An Amazon customer ordered a hat. She received a vial of scorpion venom instead.
That customer, writer Meagan Day, wanted to find out why.
Her investigation exposed why Amazon is now charged with running an illegal monopoly in a landmark FTC suit.
It turns out that Amazon’s chaos is connected to how the company squeezes and bullies sellers on its site — which is a major component of the FTC’s allegation that Amazon is acting as a monopoly and breaking the law.
Over 150 million Americans are Amazon Prime members. So people who want to sell things on the internet really don’t have much choice other than to use Amazon. There, they have to fight for visibility and customers among the confusing search results and endless ads. If they fail, they’re done for.
And what do legitimate third-party sellers do to prevent their listings from drowning in an ocean of weird junk? Anything Amazon wants, really.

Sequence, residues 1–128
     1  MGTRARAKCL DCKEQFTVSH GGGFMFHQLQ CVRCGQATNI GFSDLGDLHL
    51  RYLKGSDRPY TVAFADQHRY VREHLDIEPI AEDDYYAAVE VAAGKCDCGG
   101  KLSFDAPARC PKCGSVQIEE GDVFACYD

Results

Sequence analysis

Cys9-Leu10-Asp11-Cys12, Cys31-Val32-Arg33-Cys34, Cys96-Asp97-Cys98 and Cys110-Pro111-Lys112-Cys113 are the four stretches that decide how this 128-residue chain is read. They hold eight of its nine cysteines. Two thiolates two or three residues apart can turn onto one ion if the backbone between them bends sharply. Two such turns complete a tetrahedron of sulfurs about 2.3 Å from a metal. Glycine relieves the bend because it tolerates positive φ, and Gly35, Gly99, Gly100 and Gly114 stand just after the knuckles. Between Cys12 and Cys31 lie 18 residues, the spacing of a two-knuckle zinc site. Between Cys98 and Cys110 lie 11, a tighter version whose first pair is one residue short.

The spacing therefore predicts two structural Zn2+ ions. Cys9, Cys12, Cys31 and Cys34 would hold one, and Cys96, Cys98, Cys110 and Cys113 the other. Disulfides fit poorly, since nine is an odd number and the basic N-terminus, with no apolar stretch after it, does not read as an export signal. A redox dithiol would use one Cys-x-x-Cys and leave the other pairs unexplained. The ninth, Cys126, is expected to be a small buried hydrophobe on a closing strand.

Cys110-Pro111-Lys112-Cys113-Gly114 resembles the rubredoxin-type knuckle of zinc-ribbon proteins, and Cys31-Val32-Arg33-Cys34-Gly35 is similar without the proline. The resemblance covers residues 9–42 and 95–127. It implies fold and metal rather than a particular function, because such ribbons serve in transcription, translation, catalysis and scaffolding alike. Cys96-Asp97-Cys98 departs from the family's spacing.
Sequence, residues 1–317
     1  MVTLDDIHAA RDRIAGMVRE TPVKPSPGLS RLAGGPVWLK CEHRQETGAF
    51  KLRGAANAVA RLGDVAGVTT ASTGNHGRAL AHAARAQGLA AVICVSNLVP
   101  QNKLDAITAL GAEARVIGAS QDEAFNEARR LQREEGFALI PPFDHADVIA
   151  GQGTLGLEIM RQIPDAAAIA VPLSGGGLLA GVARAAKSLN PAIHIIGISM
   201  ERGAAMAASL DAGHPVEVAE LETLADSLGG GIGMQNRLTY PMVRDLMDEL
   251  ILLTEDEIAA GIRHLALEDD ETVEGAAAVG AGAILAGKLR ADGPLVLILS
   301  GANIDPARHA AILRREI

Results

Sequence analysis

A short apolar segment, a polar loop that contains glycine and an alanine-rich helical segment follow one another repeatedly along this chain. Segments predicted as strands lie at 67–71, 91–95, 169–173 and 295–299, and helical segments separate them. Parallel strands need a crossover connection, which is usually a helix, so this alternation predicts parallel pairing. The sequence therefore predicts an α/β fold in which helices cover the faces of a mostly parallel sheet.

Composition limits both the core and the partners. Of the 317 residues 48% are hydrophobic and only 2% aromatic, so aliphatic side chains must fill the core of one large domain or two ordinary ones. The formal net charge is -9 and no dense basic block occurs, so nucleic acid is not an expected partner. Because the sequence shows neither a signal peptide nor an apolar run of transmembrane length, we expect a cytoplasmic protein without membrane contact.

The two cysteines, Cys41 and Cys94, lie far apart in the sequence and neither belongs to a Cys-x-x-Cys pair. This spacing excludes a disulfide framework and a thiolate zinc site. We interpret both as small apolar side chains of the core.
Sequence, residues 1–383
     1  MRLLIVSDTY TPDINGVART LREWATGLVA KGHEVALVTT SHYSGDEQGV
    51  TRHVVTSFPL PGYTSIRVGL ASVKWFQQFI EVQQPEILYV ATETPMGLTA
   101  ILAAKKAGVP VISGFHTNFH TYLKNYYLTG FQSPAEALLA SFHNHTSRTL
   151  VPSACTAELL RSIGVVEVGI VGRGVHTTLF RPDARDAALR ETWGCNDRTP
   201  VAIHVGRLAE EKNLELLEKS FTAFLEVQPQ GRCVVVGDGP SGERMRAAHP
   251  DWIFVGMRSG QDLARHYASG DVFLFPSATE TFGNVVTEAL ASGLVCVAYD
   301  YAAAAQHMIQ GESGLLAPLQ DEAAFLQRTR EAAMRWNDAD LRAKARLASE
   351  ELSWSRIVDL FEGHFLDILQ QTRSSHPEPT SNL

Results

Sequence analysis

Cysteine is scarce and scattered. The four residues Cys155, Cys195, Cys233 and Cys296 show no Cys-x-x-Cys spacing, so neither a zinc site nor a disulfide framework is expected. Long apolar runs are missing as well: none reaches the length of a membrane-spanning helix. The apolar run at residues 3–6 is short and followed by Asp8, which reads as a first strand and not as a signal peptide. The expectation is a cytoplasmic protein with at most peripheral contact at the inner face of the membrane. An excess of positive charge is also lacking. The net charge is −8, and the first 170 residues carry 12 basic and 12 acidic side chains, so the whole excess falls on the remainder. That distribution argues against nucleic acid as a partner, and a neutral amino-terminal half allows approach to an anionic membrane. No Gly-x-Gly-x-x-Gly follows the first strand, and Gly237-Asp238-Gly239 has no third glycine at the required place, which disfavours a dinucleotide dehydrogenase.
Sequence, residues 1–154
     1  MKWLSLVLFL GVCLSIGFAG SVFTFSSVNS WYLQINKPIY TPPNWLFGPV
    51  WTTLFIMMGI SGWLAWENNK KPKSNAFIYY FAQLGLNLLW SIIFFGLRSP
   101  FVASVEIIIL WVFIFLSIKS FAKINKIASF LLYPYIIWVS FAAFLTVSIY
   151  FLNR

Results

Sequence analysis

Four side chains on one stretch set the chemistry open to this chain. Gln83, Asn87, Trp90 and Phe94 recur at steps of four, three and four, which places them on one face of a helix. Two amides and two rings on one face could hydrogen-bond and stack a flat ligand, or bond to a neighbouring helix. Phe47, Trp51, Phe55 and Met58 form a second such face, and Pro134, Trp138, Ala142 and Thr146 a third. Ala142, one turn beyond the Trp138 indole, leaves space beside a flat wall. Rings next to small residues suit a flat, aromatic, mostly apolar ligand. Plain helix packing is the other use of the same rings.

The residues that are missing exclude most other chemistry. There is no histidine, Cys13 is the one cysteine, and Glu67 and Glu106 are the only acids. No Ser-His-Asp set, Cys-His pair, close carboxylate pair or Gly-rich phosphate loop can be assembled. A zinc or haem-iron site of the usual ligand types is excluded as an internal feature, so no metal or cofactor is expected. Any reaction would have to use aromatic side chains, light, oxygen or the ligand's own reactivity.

Sellers pay enormous fees and follow onerous rules that help Amazon undermine competitors and consolidate power — because Amazon has made it so that if they don’t, their listings will get lost and they won’t survive. And many do fail; in fact, sellers who’ve been operating for five or more years account for only 10 percent of sales.
If Amazon is found guilty in the FTC lawsuit it could face a fine of nearly $44 billion and a court order requiring Amazon to change its business practices.
Most importantly, it could end in a breakup of Amazon into smaller companies.